Twenty-five years ago, a Japanese friend gave me a telescoping fiberglass pole with no reel seat. It was a beautiful, precious gift; light, sensitive, and elegant. When I received this tenkara rod, I didn’t really understand what I was getting. I stored it on a shelf in my cabin for 15 years until one day I decided to try it on a willow-lined meadow creek in the Wyoming Range. It was a very windy day in August, and grasshoppers were being blown about, so I put on a muddler and fished it upstream as a hopper and downstream as a sculpin. The thin, heavy horsehair line cut through the wind far better than a floating fly line and I moved from pool to pool without having to reel in line and let it out again. I caught fish in every pool: nice cutthroats up to 16 inches.
This centuries-old technique was perfect for fly fishing that day and since that time I have found it to be as effective for catching lots of fish as anything that has come out of our high-tech fly-fishing industry. Heaven knows we fly fishermen are suckers for every new gizmo we think will give us a leg up on catching fish: Our trout rods are designed to throw lead-weighted streamers clear across the river and reels come with drags engineered to stop a truck, even though any old click drag will stop a trout. Hundreds of fly lines are available to us, yet I seriously doubt you will catch one more trout with a line fine-tuned to the conditions than with a classic double taper. The original pheasant tail nymph may still be the most effective nymph ever tied.
We love our tools, but too often they are overbuilt and over specialized. They get between us and the experience. The satisfaction to be gained from the synergy of hand, eye, and muscle are missing. Sheridan Anderson says in The Curtis Creek Manifesto, “despite rumors to the contrary, the paramount objective is to catch fish,” but in the pursuit of the catch you will gain so much more. The higher purpose of practicing a sport such as fly fishing, hunting, or mountain climbing is to effect some spiritual or physical transformation. But if the process is compromised, there is no gain.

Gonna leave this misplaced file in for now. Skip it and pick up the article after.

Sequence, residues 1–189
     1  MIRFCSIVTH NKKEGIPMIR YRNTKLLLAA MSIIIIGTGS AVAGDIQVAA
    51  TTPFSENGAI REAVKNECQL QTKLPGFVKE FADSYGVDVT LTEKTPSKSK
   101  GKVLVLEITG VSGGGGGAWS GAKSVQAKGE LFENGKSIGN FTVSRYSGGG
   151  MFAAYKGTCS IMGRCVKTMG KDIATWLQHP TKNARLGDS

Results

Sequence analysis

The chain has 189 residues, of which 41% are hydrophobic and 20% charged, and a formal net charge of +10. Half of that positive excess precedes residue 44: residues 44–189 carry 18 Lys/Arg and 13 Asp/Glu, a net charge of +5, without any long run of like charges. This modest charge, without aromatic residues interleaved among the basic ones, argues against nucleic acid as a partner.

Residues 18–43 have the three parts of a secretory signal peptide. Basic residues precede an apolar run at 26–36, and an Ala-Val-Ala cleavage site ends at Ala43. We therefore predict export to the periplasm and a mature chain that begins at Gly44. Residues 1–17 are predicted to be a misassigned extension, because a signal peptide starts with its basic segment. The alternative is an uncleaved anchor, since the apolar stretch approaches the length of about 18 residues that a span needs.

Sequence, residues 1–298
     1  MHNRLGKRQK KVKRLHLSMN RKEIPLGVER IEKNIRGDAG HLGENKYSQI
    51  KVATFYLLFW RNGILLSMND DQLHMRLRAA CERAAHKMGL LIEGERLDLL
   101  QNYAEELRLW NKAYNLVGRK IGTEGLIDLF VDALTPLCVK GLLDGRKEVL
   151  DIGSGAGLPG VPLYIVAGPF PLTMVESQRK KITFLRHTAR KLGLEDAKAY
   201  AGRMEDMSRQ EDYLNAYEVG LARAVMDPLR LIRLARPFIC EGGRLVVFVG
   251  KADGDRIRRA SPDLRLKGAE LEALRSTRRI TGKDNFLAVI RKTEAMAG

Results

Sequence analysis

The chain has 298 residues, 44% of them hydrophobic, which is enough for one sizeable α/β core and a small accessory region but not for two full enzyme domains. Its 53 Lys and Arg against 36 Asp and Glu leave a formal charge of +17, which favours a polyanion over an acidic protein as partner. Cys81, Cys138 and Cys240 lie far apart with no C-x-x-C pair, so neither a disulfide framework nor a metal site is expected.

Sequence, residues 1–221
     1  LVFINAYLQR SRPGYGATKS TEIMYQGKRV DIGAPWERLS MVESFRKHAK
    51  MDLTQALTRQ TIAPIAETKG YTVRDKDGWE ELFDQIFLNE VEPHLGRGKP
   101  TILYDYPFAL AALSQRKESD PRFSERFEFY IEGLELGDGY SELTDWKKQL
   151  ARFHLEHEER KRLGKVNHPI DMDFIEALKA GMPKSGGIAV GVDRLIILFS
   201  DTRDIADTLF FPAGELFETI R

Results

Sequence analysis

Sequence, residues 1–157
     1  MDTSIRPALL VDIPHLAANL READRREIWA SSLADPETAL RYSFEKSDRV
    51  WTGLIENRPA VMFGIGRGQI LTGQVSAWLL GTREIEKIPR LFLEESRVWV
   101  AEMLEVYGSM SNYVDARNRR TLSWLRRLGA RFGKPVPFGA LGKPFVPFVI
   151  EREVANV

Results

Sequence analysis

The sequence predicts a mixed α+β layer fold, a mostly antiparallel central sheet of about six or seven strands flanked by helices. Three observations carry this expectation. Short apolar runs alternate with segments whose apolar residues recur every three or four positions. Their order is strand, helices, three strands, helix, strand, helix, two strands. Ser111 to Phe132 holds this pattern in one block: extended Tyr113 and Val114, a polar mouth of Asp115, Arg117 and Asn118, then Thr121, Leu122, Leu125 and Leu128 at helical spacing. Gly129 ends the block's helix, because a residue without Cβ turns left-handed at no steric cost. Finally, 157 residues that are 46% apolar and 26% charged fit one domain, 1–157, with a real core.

What’s happened with fly fishing is no different from what’s happened with every other sport or pastime—in fact, with society as a whole.
We all know the present world economy based on endlessly consuming and discarding is destroying our planet. When we see the results of our high-tech, high-risk, and highly toxic economic system, many of us question our frenetic consumer lifestyles. We yearn for a simpler life based not on refusing all technology, but on going back to appropriate technology.
It seems to me if there is a way forward, it lies in these words: restraint, quality, and simplicity. We have to get away from thinking that all growth is good, or we end up like the fly fishermen so fixated on launching long casts that they put the fly beyond where the fish are.
I believe the way toward mastery of any endeavor is to work toward simplicity; replace complex technology with knowledge. The more you know, the less you need.
A more simple approach to fly fishing helps preserve our capacity for wonder. It can teach us to see, smell, and feel the miracles of stream life—with the beauty of nature and serenity all around—as we pursue wild fish.
The lesson we learn from fishing with a tenkara rod is that we shouldn’t fear that a simpler life will be an impoverished life. Rather, simplicity leads to a richer and more satisfying way of fishing—and more importantly, living.